Hi I'm Bruce
I met my wife in New York City while we were both starting out our careers. We have lived in a lot of places since that time, but always try to find time to go back to the Big Apple whenever we get the change. There is something special about that place. I have four beautiful children, three girls and a boy. The oldest two are in college and the younger two are still at home. They love anything creative--music, art, dance. And they love to travel; each one of them have travelled around the US and two of them have travelled abroad. I own my own marketing firm. I work with companies every day to come up with marketing strategies, creative campaigns, slogans, logos, whatever is necessary to help them grow. I've had a chance to work with more than 300 different companies in the past 10 years. My clients are mostly in Utah and Arizona with an occasional outlier. It's never been dull. Not for a moment. I'm in an airplane at least every other week. I love to sail, cycle, ski and camp. And I love drawing. I love cars, too, but I have no mechanical sense so I shy away from owning anything vintage. I've sailed retired Americas Cup racing sailboats in San Diego harbor and St. Maarten in the Caribbean. If I could be anywhere, I'd be biking the streets of Paris or the grounds at Versailles with my wife. I'm into great restaurants, Broadway and well-written screenplays. I worked as a volunteer at four venues during the 2002 Winter Olympics in Salt Lake City, which was simply magical.
Why I am a Mormon
I was born in a small town north of Chicago. I was one of a handful of Mormons in my high school. I came to know the truth about my faith, Joseph Smith and the Book of Mormon when I was 16 years old and junior in high school. I read the Book of Mormon that year as part of Seminary, a church school that started at 6:30 am, before my high school. I took time each night before bed to read a chapter. I memorized certain passages and where they could be found. I marked my favorite scriptures along the way. Toward the end of the school year, as I completed reading the book, I decided to pray to God to see if the Book was in fact true. I trusted what I was taught by my parents, but I wanted to know for myself. I will never forget that night, in the quiet of my bedroom, kneeling down and asking Heavenly Father to help me to know the book was true, for myself. As I prayed, a feeling of overwhelming peace, light and hope filled my whole soul. It's hard to describe those first feelings of testimony, but I can only say it was exhilarating, energizing, electric. I felt like I could fly, and wanted to run out and tell the world what I'd just experienced. I was so excited I thought my heart would burst out of my chest. I told all my friends what I'd experienced. I told my seminary teacher. And a few years later, I was able to tell the people of Japan when I was on my mission. I had experienced the beginnings of what would become my personal testimony. I've had many chances since that time to feel that same spirit of peace and warmth in my life, but I'll always cherish that sacred first experience in the comfort of my own bedroom in Chicago many years ago. It's when I came to know that the Book of Mormon is indeed another witness of Jesus Christ and that Joseph Smith, the one who translated the book, was indeed a prophet of God, and that His true church was once again on the earth, and that I was privileged to be a member of that church. I knew it then, and I know today.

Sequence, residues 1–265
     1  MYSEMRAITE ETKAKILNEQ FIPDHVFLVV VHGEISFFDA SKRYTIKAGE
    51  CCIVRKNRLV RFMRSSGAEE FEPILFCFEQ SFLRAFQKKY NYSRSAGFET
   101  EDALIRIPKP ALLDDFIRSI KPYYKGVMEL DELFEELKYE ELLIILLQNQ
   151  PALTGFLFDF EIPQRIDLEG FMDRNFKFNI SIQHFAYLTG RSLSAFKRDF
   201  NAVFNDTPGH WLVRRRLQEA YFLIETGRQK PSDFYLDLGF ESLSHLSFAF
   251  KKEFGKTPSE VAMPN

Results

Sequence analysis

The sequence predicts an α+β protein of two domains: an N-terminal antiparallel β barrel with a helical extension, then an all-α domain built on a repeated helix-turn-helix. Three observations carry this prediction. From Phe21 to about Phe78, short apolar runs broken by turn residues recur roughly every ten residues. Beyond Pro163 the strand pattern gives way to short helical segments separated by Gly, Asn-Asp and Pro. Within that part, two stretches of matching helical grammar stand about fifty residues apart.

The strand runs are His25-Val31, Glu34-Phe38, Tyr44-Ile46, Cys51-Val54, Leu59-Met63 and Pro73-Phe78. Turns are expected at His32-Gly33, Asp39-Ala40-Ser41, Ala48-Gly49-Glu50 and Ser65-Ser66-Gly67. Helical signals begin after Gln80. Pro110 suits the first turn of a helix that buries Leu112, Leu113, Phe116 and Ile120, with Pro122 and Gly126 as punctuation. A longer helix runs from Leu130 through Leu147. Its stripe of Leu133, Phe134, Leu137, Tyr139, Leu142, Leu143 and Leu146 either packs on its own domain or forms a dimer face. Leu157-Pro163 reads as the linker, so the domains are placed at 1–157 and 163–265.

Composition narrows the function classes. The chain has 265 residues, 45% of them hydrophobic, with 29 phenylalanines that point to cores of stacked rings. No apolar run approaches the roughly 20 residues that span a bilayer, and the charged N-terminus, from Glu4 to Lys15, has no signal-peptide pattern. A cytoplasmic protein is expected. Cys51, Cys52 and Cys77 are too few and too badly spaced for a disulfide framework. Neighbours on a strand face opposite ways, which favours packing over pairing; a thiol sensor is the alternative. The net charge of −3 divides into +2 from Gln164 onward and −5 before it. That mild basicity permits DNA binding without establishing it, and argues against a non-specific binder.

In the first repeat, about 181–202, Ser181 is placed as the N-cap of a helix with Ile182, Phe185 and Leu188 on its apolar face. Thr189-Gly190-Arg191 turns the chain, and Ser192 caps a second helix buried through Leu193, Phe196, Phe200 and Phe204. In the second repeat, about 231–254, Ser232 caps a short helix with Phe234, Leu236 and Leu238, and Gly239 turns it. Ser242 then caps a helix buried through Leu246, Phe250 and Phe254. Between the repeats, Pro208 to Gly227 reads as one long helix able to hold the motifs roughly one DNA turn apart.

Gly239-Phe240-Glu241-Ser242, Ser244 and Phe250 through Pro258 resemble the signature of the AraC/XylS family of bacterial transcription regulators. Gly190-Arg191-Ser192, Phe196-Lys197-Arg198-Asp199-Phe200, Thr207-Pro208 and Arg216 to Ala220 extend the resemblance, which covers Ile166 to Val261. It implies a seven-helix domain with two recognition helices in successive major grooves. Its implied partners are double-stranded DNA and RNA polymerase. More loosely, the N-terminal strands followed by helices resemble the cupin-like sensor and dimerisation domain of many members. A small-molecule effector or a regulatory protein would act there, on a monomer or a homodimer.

Please explain the part prayer plays in your life?